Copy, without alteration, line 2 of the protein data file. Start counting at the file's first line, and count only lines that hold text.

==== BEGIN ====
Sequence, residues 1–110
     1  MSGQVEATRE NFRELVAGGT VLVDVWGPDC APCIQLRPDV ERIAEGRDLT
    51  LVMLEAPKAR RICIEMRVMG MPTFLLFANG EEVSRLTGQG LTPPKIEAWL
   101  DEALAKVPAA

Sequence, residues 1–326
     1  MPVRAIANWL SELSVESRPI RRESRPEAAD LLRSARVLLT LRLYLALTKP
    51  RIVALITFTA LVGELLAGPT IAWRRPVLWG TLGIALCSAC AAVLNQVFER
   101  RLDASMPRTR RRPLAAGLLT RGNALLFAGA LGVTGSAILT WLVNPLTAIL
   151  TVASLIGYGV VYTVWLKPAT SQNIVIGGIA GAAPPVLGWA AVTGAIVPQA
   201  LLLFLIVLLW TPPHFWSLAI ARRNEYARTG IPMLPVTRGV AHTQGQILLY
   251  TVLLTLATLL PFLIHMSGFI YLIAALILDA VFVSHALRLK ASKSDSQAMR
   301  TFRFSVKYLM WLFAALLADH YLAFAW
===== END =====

     1  MSGQVEATRE NFRELVAGGT VLVDVWGPDC APCIQLRPDV ERIAEGRDLT